A Foodie’s Duty To Share Finds

Bob Jones
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Wednesday - June 07, 2006
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I’m taking a one-week break from politics and social issues to write about food.

I’ve been cooking for more than 30 years, currently specializing in local, American, Italian, African, Middle Eastern, Indian, Balkan and Latino dishes.

My wife and I eat in more than out these days, but I know you Honolulans are major dining-outers. Maybe because we suffered so long with Chuck’s broil-your-own for the proletariat and Canlis steak-and-salad for the bourgeoisie.

We have so many new and good restaurants that it’s impossible to try them all, but I do regularly sample for food, ambiance and service. I did Los Chapparos on Beretania Street right after some newspaper publicity and found the waithelp spectacular-plus, but the food no better than the cheaper La Bamba on Kapahulu Avenue. Some chef should design a great Mexican menu. No rice-and-refried-beans dishes, no tacos or burritos, and real mole made with chocolate.


Newly added to my MidWeek Great Eats list is chef Mike Nevin’s wonderful soups, salads and sandwiches at the Pavilion Cafe at the Honolulu Academy of Arts. Bargain prices - too bad the cafe looks out on cement walls. I wish they had settled on the grassy area they’d used while this new area was being built.

Betty Pang’s Green Door on Pauahi Street is very small and serves in Styrofoam containers, but the Malaysian and Singaporean food is so good that there’s almost always a waiting line. Dinner for three was $42.

My first time in Spices in Moiliili shocked me. The noise level was unnerving. But I got used to it, and I’d say that’s the place to try exciting flavors for everything, including the durian ice cream and smokey iced tea. The dinner bill for two was $44.

I’d love to go more often to Le Bistro in the Niu Shopping Center or Hy’s in Waikiki, but those $35-$45 entrees are a bit daunting. Greek Taverna across from the Varsity Theatre is so much more price-pleasing. Alas, no more Pils Hellas beer and the retsina’s far from the best.

A place that’s taken off like a rocket with dim sum connoisseurs is Mei Sum on North Pauahi in Chinatown. It’s light and loud, but the specialties are eye-popping. Dim sum for two at about $25. No liquor license.

On that latter topic, neither Mei Sum nor another of my Chinatown favorites, Little Village Noodle Shop, charges anything for bringing in alcohol.

I do not believe a restaurant without a liquor license should charge you a corkage or glass fee. As much as I love the food at C&C Pasta in Kaimuki, I’ve removed it from my “preferred” list because of its $5 per glass fee.

Big on my current list is the newly-managed Formaggio on the lower level of Market City in Kapahulu. Wes Zane turned a so-so place into a marvelous wine bar with an extraordinary and affordable food menu, plus light jazz and easy-listening guitar music. Open very late.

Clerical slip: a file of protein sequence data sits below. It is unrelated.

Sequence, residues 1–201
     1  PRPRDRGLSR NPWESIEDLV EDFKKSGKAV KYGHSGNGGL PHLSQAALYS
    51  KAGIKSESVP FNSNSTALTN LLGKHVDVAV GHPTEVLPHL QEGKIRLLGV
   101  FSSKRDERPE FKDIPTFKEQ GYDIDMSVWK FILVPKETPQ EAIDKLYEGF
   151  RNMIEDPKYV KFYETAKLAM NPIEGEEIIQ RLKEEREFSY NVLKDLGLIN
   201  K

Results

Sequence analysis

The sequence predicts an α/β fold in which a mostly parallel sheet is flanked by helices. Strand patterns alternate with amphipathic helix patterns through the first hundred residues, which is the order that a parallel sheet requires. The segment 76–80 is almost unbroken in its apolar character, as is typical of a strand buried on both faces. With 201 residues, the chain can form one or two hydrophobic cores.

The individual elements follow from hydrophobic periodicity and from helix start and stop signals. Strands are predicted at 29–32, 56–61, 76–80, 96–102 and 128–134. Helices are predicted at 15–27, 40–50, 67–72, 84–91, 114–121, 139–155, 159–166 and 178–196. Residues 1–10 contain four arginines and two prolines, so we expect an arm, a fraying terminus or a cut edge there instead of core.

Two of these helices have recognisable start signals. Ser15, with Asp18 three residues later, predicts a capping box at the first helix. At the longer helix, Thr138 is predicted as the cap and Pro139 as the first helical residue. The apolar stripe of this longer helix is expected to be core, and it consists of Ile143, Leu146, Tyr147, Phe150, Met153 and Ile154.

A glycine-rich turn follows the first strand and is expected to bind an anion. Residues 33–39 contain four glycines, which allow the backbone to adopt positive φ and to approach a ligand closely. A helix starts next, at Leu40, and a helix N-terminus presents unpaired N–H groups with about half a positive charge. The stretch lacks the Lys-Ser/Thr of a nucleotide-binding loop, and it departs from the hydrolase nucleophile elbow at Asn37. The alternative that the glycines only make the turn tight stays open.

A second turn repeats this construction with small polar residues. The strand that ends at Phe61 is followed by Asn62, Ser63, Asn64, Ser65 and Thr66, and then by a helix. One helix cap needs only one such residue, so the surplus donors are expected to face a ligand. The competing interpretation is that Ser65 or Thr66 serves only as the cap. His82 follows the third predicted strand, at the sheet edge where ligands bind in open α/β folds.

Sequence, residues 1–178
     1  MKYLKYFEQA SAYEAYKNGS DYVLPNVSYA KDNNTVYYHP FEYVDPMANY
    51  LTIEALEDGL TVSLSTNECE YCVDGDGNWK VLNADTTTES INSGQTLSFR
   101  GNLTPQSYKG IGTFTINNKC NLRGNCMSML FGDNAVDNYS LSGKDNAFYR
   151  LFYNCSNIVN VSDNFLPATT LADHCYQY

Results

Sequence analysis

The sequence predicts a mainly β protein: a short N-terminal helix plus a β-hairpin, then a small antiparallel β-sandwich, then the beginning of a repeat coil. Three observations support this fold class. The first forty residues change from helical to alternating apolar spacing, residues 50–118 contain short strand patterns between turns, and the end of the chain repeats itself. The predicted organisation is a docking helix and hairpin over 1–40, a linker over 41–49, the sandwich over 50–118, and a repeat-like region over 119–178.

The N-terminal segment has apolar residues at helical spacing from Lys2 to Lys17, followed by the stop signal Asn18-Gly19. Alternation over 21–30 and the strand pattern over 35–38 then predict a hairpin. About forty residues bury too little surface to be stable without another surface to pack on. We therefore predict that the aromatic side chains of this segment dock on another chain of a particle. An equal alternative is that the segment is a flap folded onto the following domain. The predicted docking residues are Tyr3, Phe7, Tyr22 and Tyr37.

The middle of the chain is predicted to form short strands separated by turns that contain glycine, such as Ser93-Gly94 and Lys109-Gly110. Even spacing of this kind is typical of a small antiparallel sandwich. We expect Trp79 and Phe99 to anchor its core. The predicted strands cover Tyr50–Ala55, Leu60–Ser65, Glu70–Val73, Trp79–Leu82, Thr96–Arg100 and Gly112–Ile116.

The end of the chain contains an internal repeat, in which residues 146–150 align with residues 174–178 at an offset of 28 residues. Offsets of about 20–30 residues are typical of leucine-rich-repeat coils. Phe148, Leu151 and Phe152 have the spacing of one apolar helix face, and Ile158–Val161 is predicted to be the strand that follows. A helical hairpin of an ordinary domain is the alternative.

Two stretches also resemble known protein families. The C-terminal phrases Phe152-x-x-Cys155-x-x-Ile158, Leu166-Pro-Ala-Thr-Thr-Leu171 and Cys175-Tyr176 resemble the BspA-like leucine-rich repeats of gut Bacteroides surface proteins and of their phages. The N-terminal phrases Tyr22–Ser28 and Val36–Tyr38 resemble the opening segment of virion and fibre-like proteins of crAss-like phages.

My wife and I take guests to the beachfront Cabanas at the Kahala Mandarin Oriental Hotel. Best for four-or-more and family style eating right at the water’s edge. Not cheap, but exceptional food from a talented kitchen and waiter staff. Closed on rainy nights.

And I had a major wow! moment at Nico’s at Pier 38 with its $8 lunch plates of fresh fish. I wonder when we’ll ever have the waterfront fish restaurants you find all along the West Coast?

When we want Vietnamese spring rolls to go for a party, my wife uses Pho North King in Moiliili. It also has a secret ingredient (rock candy) for its pho. The up-and-coming place for Vietnamese chow is the My Lan restaurant at 1160 Maunakea St.

Donato’s in the Manoa Marketplace closed, but there’s still the Paesano. Excellent food in a warm setting, however I think $8 for a glass of Santa Cristina ($14 a bottle at Longs) is a bit stiff.


Longest on my good-eats list is Chiang Mai near the old stadium park. Consistently good food and beautifully decorated. Great for taking first-time Hawaii visitors, as is Tiki’s Grill & Bar in Waikiki.

I enjoy the food at Palomino’s, but the enormity and brassiness overwhelms me and you can’t drive up and park for free.

For old-timers turned off by fusion, infusion and nonsense, there’s Don Murphy’s Bar and Grill downtown. Huge amounts of exceptional food at low, low dinner prices. How does the man do it?

I don’t take freebies, so what I’ve said here is what I believe as a cook and an eater. Try the places. If you disagree, please do tell me.

I’m sure I’ve missed fine eateries in Kailua, Kaneohe and Haleiwa, and for that I apologize and hope you’ll get your places in the sun with Jo McGarry’s Food Finds in MidWeek.

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